Monday, August 8, 2022
Monday, August 8, 2022
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By: Theophilus Franklyn, Environmental Health Officer

As we mentioned in our first article on “Environmental Health and Public Events: Vincentian Perspectives”, we stated food safety briefly.

Thus, in this article the causes of food poisoning and safety guidelines for public events or mass gathering would be looked at.

It is known that, mass gatherings are events in which the number of attendees can overwhelm the health system, events such as concerts, shows, and carnivals; where one specific event or show can last from a few hours to a couple of days. Food preparation and servicing plays an important part for patrons to indulge or re-energize for the duration of the activities.

Food, by definition, is anything that is consumed and can be in the form of either liquid or solid, and can also be packaged or unpackaged.


Food, by nature, if not cooked or properly stored can cause food poisoning or allergies.

Some food-borne diseases are salmonella or E.coli.

Salmonella is caused by the serving food that has not been properly stored or meat that is raw. Studies have shown that salmonella is the leading cause of food poisoning at public events.

The other disease, as mentioned, is E.coli (escherichia coli) which is found in salads that are not properly stored or sanitized. These form bacteria that can cause headaches, diarrhea and nausea within 24 hours of consumption and can even result in the death of immuno-compromised individuals, such as the elderly, babies, and pregnant women.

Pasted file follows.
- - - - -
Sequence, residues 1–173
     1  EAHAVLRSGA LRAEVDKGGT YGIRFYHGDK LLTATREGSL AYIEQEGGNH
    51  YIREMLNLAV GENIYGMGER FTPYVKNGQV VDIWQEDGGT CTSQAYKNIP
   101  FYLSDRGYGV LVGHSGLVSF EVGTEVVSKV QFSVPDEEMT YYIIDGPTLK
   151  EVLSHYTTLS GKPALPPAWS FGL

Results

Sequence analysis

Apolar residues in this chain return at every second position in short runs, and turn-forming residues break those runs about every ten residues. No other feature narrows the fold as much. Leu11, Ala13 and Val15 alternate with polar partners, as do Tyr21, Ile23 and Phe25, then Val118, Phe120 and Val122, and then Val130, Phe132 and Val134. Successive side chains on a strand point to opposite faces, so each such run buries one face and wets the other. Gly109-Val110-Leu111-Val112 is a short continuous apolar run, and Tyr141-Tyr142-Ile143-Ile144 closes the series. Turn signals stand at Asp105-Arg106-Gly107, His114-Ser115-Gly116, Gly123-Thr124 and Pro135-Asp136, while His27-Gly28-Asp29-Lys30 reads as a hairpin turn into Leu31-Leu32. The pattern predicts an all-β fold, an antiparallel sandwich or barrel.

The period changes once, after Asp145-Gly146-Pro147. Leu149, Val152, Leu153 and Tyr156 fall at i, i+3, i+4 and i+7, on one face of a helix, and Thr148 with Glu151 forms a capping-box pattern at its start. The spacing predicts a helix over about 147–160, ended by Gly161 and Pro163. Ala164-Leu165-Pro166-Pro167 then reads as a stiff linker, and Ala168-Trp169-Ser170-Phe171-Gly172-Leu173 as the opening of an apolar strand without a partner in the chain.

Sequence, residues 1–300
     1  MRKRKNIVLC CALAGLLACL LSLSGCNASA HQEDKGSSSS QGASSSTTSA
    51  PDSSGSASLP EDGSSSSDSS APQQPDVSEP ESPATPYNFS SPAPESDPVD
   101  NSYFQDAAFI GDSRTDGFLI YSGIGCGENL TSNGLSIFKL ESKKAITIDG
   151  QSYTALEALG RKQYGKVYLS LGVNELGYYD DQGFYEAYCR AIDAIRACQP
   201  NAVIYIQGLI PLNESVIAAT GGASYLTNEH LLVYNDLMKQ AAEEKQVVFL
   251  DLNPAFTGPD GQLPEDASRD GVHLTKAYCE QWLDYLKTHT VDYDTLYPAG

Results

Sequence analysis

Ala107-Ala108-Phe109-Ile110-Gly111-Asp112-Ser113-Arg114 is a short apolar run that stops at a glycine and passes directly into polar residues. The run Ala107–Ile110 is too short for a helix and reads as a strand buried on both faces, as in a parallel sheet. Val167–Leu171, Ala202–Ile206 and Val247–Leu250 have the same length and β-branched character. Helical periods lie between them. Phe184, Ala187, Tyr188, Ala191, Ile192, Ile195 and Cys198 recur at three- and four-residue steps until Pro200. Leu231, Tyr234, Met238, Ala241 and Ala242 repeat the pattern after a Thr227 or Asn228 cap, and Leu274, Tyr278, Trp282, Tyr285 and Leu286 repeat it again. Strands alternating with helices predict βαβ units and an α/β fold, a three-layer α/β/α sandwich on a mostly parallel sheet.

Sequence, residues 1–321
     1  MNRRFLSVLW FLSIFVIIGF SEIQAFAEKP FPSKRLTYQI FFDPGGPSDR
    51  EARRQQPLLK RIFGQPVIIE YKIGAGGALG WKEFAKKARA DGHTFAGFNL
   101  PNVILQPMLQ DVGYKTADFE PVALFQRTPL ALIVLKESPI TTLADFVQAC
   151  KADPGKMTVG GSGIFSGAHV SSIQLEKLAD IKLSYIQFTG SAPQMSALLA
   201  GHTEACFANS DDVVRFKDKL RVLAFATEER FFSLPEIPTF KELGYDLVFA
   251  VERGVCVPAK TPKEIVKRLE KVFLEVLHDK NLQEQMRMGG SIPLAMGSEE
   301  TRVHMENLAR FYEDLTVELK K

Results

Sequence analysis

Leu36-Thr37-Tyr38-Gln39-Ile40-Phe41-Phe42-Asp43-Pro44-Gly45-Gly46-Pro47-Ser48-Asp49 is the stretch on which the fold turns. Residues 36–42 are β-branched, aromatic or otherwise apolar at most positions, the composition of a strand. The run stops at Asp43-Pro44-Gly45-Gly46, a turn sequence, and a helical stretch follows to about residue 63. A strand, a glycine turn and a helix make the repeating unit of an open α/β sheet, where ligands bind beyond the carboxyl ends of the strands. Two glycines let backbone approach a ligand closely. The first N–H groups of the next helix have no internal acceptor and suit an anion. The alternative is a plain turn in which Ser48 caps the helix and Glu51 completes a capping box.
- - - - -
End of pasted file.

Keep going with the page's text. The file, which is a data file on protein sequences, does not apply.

To prevent food-borne diseases at events or mass gatherings, the following are some simple guidelines to follow:

  1. All food vendors must be Medically Certified by the Environmental Health Department or their relevant District Environmental Health Officer, under the Public Health Act and Environmental Health Services Act of 1977. Environmental Health Officers/ Sanitary Officers have the power to inspect and check foods at all events, whether private or public.
  • Foods must be prepared in utensils that are properly cleaned, such as pots, pans, serving trays, etc.
  • The location must be free from pests, such as rats and cockroach, as these transmit diseases that render food poisoning.
  • All food vendors must practice proper hygiene by always maintaining clean skin and low body odor; their dress code should not include jewelry, sleeveless tops and nail polish.
  • Food must be stored at its correct temperature. For example, food such as peleau should be stored above 60°C while salads below 5°C.

In conclusion, food safety is everyone’s business, not only the promoter but food vendors as well, and this helps to prevent food-borne diseases by storing food properly.

Remember, your health is a shared responsibility.

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